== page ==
Quiros’ lawyers also claimed that investigators in the criminal probe, including U.S. Attorney for Vermont Christina Nolan, “actively steered away from the federal and State officials.”
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Quiros’ lawyers specifically point to Sen. Patrick Leahy, D-Vt., as a big backer of the EB-5 financed projects in Vermont.
But prosecutors, in their filing this week, dispute that any political connections prove their criminal probe has been tainted.
“Quiros’s criticisms of the government’s investigation are not relevant to Ms. Nolan’s supposed bias in favor of Senator Leahy,” the prosecutors wrote.
“Quiros fails to explain how Senator Leahy’s actions — and by extension any alleged consideration of them by Ms. Nolan — have any bearing on whether Quiros is guilty of the charged offenses,” the filing added.
It was Leahy who recommended Nolan, whose office is heading the criminal investigation, for the post of the top federal prosecutor in the state. Nolan was later appointed to the position by President Donald Trump.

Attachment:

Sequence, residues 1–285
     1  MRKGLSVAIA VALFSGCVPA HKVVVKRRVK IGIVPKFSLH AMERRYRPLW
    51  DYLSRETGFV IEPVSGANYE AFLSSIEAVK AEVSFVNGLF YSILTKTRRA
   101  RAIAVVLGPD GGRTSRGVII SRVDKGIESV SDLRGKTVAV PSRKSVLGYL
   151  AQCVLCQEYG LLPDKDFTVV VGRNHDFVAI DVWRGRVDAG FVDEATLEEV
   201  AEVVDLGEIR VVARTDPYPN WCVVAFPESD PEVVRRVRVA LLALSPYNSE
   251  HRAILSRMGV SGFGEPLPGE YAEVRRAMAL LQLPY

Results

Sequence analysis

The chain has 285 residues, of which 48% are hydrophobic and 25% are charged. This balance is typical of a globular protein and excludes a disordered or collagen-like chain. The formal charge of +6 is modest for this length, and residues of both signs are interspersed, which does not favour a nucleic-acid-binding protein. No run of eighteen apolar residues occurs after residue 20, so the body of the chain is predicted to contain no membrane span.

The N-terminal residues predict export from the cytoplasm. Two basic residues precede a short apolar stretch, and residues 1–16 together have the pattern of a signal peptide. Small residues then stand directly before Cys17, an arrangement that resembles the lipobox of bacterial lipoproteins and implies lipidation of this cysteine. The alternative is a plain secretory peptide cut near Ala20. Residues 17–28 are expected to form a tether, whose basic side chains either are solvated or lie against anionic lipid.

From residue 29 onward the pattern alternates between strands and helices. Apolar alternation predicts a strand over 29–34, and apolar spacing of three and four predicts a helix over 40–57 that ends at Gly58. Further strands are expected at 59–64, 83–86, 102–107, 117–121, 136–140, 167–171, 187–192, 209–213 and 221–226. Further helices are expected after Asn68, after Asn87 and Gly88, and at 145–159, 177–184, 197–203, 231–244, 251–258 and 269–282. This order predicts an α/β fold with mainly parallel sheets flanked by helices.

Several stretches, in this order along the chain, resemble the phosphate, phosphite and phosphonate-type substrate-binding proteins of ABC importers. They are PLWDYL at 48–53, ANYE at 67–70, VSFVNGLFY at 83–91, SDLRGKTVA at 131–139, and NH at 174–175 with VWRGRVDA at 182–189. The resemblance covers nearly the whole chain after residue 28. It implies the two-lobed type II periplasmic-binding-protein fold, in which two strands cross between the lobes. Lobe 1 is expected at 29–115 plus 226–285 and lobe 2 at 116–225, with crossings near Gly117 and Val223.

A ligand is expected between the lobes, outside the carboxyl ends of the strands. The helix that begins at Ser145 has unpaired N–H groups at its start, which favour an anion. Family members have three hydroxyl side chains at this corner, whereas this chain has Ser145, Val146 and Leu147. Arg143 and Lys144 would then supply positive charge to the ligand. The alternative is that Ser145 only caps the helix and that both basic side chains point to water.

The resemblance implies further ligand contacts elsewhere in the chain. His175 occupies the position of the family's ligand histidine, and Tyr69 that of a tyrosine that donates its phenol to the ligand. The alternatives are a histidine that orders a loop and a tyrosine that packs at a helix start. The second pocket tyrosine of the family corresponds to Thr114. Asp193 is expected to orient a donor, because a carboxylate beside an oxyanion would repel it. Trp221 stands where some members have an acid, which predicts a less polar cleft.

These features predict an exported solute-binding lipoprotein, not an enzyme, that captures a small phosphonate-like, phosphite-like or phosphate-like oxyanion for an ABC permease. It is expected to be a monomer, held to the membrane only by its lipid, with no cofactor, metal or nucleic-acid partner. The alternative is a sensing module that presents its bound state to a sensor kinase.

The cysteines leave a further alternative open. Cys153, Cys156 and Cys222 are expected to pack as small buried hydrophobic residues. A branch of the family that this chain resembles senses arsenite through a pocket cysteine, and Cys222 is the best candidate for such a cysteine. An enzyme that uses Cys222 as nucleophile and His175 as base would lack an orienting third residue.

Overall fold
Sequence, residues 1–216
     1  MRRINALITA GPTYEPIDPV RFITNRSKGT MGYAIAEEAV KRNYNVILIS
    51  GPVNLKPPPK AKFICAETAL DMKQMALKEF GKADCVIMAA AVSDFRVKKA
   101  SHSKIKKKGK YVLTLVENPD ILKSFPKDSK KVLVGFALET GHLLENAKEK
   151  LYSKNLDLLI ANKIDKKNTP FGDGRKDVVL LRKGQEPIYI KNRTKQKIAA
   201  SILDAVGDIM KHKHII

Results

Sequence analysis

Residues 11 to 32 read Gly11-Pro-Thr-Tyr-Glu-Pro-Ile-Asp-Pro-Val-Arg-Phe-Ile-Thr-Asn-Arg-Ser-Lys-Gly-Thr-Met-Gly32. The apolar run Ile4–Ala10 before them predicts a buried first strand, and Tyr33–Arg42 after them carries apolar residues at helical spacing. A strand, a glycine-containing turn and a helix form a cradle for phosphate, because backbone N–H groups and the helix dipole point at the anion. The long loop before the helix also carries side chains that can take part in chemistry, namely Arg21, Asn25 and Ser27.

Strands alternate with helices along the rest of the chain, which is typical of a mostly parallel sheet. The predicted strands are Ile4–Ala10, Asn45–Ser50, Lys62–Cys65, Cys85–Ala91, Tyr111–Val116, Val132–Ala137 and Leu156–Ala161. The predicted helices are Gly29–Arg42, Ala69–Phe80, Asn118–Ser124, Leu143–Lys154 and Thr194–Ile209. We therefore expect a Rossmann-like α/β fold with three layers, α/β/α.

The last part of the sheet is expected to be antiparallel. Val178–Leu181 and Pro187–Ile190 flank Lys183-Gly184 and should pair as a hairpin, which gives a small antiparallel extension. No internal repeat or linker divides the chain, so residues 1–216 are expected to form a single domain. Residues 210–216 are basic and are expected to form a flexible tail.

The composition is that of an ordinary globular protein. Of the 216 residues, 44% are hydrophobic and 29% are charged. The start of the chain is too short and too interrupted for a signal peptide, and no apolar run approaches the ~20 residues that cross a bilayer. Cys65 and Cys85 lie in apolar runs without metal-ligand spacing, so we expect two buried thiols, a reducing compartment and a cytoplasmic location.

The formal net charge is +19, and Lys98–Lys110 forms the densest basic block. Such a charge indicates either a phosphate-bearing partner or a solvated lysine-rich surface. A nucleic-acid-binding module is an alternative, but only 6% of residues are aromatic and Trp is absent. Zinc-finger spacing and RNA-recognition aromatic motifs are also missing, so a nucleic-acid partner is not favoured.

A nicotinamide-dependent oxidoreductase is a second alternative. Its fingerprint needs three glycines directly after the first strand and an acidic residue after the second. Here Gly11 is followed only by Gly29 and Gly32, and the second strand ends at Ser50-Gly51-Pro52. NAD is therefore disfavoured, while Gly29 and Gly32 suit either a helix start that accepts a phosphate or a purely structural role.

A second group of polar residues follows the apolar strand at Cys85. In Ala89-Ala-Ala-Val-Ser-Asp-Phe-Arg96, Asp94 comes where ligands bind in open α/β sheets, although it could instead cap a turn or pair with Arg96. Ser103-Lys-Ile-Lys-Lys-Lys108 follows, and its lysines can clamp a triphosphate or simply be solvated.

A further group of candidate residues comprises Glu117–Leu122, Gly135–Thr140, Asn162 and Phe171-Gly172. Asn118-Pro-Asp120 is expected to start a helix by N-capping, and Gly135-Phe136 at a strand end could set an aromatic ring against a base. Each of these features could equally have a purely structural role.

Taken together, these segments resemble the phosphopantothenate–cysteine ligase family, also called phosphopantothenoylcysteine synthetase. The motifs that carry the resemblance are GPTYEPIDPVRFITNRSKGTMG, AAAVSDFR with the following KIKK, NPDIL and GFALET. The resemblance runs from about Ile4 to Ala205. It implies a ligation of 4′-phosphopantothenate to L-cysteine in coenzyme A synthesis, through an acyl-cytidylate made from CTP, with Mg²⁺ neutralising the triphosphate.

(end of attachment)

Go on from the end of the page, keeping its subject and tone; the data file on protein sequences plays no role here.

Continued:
The recent prosecution filing stated that although Quiros’ lawyers claim that Leahy is a key witness who can prove their client’s innocence, investigators had a different opinion and “simply did not consider Senator Leahy a key witness.”
Quiros’ attorneys at hearings and in filings have highlighted Leahy’s close association with the EB-5 program in Vermont, and with Stenger, who had been a friend of the senator.
Leahy had tapped Stenger to testify before Congress about the benefits of the EB-5 program. In addition, the senator wrote a letter of support for the proposed AnC Bio biomedical research project, which was later found to be “nearly a complete fraud” by the U.S. Securities and Exchange Commission.
Quiros’ attorneys had also noted that Eric Miller was recommended by Leahy to be U.S. Attorney in 2015. It was under Miller that the criminal probe began.